The first thing you should do, if you haven't already, is go and buy some books. These are tools you'll need. I'd recommend Tom Colvin's 'Steel Boatbuilding', Gil Klingel's 'Boatbuilding with Steel' and 'Steel Away', I can't remember the author. Then some of Dave Gerr's books on boat systems.

    If you stay away from round bilge designs and limit your choices to the single or multi-chine designs, you will not need a rolling machine. Personally I'd never build a round bilge design in steel. Far too much like hard work and far beyond my metalworking skills.

    As for equipment, I am a tool junkie so what I have is probably not all that helpful.

    What I consider absolutely essential would be:

    MIG welder of at least 250A @ 60% duty cycle that can take 15kg wire spools. Reverse polarity for flux cored wire is nice but I rarely use it. If the MIG can also act as a stick welder (mine can) this is a plus as there are times you'll want to use specialist stick rods.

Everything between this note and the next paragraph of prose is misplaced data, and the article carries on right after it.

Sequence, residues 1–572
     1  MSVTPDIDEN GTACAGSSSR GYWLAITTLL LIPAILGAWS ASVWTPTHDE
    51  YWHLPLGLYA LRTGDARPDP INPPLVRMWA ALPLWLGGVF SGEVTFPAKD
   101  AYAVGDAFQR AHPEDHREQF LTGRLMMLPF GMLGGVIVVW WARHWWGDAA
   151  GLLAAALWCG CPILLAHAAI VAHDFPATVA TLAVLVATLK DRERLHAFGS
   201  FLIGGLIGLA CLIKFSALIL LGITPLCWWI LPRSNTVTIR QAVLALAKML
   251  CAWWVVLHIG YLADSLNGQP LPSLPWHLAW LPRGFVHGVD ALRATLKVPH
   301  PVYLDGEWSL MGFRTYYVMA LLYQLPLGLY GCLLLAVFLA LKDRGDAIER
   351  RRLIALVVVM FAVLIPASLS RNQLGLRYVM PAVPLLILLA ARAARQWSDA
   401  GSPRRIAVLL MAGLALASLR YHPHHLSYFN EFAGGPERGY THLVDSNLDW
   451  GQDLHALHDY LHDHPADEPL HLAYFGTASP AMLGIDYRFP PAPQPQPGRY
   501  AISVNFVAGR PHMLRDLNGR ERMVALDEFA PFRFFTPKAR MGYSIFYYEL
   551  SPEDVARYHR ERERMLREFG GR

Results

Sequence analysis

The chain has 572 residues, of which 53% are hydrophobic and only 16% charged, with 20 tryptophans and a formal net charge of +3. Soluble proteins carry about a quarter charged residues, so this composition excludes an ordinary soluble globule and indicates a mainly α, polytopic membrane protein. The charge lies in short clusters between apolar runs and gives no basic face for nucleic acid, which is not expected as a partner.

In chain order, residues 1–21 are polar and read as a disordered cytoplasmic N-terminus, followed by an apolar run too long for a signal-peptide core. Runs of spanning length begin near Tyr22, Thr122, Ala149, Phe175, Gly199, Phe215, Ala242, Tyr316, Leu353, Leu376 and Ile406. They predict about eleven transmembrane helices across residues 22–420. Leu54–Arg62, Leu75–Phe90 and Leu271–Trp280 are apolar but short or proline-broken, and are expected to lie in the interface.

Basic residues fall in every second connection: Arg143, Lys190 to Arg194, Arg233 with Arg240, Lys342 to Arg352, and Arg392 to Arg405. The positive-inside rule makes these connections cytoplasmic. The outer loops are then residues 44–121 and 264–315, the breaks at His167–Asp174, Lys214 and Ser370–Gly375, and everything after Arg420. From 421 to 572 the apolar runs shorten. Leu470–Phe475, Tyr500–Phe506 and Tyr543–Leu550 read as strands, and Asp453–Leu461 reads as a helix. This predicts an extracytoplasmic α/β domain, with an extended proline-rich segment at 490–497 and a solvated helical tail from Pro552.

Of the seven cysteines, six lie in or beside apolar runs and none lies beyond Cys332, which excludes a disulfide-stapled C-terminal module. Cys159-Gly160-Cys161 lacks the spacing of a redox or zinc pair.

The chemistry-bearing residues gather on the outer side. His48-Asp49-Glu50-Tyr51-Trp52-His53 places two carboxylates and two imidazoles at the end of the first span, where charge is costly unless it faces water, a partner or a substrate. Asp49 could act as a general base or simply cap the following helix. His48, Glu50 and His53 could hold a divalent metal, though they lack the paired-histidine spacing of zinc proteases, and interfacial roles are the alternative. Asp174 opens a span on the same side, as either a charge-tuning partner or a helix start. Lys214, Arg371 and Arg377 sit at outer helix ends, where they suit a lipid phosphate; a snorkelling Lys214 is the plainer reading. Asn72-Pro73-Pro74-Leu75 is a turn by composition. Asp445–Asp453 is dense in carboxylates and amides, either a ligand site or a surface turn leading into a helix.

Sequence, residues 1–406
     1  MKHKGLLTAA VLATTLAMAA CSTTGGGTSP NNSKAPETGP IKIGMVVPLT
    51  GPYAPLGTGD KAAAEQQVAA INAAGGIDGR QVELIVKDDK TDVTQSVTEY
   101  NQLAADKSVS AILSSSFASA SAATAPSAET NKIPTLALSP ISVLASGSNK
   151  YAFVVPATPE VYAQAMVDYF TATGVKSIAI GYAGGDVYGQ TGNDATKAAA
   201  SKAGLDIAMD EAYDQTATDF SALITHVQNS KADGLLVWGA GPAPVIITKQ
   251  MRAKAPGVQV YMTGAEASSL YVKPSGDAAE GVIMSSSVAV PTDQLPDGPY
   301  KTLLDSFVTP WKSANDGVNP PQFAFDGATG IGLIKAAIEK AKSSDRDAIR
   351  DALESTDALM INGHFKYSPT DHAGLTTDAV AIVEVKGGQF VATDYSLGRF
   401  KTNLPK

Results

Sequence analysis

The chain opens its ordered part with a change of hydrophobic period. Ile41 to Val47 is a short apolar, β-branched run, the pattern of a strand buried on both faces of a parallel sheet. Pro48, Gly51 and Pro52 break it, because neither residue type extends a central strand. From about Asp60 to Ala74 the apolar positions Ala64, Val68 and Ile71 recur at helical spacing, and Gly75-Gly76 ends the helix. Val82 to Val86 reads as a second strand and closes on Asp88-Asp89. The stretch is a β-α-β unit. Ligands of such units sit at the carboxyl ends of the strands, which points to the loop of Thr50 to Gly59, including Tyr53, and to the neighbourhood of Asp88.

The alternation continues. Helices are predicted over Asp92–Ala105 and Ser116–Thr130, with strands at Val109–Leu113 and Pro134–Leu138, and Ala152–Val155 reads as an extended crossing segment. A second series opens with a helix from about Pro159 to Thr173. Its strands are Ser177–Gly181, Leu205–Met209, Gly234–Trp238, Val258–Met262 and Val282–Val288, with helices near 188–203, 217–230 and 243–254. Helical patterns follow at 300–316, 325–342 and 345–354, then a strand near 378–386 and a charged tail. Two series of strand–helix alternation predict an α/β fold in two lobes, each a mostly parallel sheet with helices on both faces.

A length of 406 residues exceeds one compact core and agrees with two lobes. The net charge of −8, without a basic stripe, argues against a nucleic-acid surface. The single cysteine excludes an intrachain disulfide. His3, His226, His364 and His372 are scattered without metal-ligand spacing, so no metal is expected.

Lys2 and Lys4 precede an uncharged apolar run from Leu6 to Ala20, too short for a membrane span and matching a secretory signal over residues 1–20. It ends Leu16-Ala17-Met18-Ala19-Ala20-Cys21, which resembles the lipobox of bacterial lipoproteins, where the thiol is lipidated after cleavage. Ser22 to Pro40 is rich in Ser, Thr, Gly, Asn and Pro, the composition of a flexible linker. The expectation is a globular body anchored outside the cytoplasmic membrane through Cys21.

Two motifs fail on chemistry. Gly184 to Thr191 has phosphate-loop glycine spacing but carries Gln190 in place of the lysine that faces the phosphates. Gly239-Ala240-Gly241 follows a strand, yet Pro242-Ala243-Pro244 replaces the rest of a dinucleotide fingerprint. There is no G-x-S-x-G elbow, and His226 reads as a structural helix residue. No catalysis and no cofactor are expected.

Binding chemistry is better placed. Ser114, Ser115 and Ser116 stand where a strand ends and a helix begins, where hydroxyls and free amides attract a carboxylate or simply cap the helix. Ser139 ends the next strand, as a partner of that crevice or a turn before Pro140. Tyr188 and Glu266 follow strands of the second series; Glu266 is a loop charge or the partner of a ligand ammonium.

Plasma cutter capable of cutting 12mm plate. I have a generic Chinese 50A unit. 12mm carbon steel is possible but ugly and goes through tips. Cuts 6mm and thinner beautifully. I would not consider building a steel boat without a plasma cutter.

    An air compressor of at least 8 CFM to feed the plasma cutter. Bigger is better because you're going to have to paint the boat eventually.

    A band saw to make the patterns you'll use the plasma cutter to cut out for your hull plate.

    A pneumatic staple gun to tack the pattern pieces together on the hull so you're sure the pattern fits.

    Small 160A caddy type DC TIG welder with HF arc start. Also is a stick welder. Perfect for TIG welding all the stainless fittings etc that you're going to have to make.